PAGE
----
Coding boot camps, long on the fringe of traditional education spheres, are pushing their way into national conversation of how to attract more Americans into the STEM fields.
These boot camps, a product of the technology boom, are technical training programs designed to expose novice students to the most important aspects of the coding and web development field while guiding them to become innovators. Oftentimes boot camps lead students into jobs in the science, technology, engineering and mathematics industries.
Last month, the Department of Education rolled out its pilot program, EQUIP. The program, which is now open for application, allows colleges and universities to partner with non-traditional education models like boot camps, and gives students access to federal financial aid.
EQUIP is part of a growing initiative to help underwrite the cost of attending satellite programs that train students in career fields the country needs–particularly in the STEM fields in which the Obama Administration has encouraged more growth.
Yet, the concept of the recent policies supporting coding boot camps is not new in South Los Angeles. EQUIP would be supporting an educational model that has already taken root in the area, some educators say.
A few years ago, Gregorio Rojas and his wife founded Sabio, a startup focused on providing software development training to women and minorities. At Sabio, students spend 6 to 12 weekends in intensive programs learning to code, develop software and hone technical skills. At the end they hold the promise of standing on their own in the competitive STEM industries.
“One reason I do this is because I pretty much learned this way,” Rojas said of the boot camps. “It’s hands on, on the job, intense and very focused. I got into the industry right before the dot-com bubble burst. These skills facilitated my own entry.”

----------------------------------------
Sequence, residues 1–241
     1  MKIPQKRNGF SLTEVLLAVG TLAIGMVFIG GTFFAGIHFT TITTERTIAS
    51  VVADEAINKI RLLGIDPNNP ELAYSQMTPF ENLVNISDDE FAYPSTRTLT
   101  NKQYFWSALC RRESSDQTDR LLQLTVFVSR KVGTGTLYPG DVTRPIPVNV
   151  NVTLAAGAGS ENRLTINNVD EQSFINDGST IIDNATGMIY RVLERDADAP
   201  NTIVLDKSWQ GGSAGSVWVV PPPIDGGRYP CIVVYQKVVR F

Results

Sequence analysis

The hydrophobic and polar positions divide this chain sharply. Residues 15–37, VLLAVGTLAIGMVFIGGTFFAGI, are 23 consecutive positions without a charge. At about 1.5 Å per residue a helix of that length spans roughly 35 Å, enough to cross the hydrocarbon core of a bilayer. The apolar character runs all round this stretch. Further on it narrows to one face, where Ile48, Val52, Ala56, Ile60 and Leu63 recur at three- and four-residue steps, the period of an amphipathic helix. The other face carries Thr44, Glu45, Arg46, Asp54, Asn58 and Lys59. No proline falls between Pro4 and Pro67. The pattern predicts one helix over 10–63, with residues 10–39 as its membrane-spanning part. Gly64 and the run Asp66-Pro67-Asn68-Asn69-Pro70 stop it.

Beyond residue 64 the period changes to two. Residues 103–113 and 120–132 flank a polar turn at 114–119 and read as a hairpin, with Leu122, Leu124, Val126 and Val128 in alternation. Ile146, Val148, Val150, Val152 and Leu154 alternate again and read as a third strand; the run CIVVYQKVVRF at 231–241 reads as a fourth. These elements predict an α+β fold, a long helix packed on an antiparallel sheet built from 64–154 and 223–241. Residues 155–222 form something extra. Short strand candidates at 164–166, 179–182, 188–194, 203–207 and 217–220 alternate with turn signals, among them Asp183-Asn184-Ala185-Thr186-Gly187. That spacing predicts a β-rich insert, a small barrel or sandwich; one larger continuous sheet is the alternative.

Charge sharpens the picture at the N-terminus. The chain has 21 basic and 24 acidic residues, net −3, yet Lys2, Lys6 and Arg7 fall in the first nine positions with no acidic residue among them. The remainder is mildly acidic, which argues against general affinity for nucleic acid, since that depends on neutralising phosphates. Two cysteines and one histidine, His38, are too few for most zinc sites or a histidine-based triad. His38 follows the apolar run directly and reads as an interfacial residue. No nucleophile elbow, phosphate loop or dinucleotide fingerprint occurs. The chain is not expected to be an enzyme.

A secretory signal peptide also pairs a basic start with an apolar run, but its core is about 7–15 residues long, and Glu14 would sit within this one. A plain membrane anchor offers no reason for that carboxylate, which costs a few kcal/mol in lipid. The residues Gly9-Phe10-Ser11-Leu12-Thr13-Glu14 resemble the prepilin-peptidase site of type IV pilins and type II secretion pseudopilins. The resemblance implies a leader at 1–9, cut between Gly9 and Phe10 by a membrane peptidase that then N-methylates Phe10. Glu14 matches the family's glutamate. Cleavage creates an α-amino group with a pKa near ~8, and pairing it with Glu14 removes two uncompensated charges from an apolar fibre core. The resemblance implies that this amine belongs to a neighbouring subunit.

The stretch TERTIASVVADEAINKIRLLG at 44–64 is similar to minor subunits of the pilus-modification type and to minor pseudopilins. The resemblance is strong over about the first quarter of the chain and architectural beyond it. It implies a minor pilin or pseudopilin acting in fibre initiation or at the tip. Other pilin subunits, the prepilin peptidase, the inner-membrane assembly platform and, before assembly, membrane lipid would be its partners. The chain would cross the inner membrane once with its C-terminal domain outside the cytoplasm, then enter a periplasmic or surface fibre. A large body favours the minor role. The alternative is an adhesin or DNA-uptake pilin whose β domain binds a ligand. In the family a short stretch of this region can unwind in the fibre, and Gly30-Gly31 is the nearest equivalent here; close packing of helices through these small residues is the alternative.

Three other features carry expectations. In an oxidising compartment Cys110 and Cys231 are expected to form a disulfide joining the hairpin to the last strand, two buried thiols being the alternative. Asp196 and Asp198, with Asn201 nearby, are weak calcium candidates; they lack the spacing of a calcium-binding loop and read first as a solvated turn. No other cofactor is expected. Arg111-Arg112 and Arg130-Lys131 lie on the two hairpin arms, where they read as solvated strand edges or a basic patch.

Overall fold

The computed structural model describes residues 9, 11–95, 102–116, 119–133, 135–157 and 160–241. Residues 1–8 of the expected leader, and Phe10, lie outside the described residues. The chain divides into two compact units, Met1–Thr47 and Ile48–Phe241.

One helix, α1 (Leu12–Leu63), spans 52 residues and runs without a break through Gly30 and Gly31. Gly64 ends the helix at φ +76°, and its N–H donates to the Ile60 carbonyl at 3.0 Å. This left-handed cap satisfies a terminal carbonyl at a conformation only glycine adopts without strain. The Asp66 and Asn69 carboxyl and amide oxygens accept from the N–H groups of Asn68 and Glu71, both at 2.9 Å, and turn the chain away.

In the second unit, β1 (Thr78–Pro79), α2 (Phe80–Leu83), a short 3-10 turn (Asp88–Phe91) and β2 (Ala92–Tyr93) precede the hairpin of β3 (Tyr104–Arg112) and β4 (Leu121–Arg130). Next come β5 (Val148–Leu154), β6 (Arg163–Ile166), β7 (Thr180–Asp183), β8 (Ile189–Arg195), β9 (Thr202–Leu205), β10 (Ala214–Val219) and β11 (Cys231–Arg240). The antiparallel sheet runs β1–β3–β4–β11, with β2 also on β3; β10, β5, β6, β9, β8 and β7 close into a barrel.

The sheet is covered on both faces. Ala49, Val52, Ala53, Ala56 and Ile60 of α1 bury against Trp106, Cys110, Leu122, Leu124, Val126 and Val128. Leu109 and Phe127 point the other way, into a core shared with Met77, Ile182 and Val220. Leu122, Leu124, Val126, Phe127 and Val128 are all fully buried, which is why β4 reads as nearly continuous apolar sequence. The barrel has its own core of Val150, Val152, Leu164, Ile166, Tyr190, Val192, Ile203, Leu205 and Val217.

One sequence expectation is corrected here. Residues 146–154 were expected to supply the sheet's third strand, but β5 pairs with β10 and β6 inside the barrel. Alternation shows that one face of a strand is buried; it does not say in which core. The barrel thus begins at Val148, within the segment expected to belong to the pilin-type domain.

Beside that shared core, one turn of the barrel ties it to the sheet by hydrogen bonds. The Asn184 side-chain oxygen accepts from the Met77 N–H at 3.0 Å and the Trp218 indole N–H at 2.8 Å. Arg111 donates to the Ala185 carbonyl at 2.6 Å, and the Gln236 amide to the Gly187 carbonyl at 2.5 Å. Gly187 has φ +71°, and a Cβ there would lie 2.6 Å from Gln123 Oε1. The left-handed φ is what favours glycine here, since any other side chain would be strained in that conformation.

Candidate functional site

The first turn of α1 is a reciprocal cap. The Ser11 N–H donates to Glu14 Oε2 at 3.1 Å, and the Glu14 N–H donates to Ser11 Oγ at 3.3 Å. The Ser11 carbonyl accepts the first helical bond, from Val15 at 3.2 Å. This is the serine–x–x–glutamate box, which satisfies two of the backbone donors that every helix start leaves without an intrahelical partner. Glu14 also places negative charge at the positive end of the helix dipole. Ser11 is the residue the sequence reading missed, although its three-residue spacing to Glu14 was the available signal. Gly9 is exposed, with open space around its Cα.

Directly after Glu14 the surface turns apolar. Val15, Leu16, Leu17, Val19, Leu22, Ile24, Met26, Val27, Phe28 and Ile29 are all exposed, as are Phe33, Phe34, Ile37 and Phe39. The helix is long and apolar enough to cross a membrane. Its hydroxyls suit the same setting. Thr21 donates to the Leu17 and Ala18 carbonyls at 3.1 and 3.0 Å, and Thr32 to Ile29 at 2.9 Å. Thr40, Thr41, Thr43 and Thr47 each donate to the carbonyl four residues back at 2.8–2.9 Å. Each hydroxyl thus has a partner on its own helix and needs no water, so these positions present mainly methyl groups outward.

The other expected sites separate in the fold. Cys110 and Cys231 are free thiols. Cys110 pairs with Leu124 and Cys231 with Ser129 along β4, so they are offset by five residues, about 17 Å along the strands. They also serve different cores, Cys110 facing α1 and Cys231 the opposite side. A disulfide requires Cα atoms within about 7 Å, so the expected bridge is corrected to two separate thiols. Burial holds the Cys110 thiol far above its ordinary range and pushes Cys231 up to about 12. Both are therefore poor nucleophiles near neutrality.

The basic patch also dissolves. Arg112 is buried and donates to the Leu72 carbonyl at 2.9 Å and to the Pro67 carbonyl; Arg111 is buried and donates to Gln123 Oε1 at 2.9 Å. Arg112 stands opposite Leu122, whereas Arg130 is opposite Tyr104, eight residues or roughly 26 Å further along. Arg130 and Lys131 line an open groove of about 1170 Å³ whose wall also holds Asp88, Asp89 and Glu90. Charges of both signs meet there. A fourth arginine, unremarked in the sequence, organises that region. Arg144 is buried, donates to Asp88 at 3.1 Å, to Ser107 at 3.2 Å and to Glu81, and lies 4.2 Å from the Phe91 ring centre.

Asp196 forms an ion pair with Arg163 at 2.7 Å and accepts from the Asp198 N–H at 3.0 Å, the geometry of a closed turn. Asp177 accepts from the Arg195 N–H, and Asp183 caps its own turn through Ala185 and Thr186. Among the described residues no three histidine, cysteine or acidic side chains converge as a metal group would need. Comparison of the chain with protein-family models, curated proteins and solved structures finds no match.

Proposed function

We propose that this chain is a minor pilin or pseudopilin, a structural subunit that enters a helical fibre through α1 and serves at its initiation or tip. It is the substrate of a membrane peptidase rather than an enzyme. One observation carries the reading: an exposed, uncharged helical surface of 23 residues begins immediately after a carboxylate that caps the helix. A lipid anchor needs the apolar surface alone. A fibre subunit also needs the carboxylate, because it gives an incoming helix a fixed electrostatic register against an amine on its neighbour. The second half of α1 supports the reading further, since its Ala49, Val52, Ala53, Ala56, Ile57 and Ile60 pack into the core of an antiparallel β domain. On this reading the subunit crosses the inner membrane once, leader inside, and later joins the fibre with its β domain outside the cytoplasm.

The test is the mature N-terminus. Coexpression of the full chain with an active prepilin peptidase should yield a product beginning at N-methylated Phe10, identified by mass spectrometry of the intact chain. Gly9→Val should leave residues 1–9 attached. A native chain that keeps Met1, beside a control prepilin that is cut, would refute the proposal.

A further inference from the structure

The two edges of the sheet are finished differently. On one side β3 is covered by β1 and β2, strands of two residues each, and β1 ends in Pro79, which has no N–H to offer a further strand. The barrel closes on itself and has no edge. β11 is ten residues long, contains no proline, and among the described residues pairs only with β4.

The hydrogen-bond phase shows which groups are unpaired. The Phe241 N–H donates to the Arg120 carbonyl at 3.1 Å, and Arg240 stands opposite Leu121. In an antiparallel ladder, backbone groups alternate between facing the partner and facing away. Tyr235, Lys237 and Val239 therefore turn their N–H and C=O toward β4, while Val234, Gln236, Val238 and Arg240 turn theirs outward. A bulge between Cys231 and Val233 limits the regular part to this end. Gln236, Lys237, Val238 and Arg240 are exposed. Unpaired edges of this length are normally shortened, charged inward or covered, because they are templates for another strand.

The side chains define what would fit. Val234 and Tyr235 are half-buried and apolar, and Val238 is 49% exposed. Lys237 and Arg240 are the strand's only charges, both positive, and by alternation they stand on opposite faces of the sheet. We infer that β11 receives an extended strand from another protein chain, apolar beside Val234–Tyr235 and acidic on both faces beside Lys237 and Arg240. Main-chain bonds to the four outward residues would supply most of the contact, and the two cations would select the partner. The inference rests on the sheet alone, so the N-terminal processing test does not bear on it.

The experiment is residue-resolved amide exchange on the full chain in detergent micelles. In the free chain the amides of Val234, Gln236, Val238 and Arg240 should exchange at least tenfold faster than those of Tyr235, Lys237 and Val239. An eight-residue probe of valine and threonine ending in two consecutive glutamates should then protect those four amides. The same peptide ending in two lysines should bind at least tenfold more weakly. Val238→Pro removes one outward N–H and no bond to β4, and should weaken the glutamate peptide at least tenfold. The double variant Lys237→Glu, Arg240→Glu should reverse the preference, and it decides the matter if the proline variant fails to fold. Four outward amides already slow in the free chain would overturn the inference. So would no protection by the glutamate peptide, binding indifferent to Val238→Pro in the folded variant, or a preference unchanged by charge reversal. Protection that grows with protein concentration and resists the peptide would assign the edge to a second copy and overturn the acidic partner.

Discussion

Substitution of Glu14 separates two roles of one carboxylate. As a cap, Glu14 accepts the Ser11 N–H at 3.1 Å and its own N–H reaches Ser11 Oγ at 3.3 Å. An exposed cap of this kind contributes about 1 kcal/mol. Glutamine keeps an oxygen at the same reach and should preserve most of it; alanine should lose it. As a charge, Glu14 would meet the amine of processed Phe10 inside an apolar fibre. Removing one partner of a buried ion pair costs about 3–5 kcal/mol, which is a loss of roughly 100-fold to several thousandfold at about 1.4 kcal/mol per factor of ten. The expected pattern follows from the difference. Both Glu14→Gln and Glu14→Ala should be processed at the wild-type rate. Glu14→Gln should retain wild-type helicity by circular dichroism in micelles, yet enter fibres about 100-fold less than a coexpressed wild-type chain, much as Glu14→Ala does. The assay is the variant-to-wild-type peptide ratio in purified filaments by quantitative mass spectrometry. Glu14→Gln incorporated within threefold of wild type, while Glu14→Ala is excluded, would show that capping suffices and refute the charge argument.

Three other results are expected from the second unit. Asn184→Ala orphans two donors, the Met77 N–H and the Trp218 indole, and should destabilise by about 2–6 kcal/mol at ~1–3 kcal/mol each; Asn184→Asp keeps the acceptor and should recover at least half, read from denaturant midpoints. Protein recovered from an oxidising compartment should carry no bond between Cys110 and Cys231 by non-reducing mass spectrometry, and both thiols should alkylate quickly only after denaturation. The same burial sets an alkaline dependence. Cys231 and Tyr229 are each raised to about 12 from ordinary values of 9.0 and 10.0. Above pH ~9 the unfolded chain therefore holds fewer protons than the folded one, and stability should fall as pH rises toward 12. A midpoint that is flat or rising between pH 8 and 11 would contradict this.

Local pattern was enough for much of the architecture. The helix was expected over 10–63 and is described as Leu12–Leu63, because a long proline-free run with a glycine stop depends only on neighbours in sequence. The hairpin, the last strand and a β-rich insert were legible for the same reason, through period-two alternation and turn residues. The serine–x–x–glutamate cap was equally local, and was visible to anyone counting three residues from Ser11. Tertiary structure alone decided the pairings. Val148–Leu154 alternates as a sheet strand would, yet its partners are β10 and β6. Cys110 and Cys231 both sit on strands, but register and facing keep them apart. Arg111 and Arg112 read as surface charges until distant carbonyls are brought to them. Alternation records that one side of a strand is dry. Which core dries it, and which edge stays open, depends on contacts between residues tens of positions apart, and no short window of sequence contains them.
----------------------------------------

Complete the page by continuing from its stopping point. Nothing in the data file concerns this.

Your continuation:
His coding boot camp is based in Culver City, but Rojas said many of his students have ties to the South L.A. community.
At boot camps, students spend hours learning code language — not from a book, but by implementation. The experience is intense, but the success of the methodology is proved each time Rojas’ students walk away with a firm grasp of the material and are later gainfully employed. Many times, students participate in hackathons, holding their own against competition.
Recently Rojas celebrated the launch of two students’ app now featured in the Apple Store. Both creators of the app had been in two wildly different fields before the coding boot camp; one was a Spanish professor and the other was working in the financing world. At Sabio, the average student is a 30-year-old, according to its founders.
In the basement of South LA’s Southside Church of Christ, Chris Baccus also runs a coding boot camp — this one aimed at middle schoolers. Baccus, executive director of Concerned Citizens Community Involvement, helps run the camp on Saturdays. In one year, seventy students have gone through the non-profit’s Limitless STEM Academy.
The wide range of participant ages for the coding boot camps in South Los Angeles show the demand for alternative education models. Generally the camps are also less expensive options when compared to the norm.
At Sabio, a three-month program costs $13,450 though it is set to increase 7 percent to $14,450 in 2016.
Comparably, the estimated yearly cost for attending the University of Southern California, a four-year semi-private institution is $67,212, while the all-expense-covered yearly tuition for a University of California school is $33,600 for in-state residents. At a California State University such as Cal State LA, to receive a computer science degree, students would pay around $32,240. Most students would quadruple these costs during the four-year pursuit of a bachelor’s degree.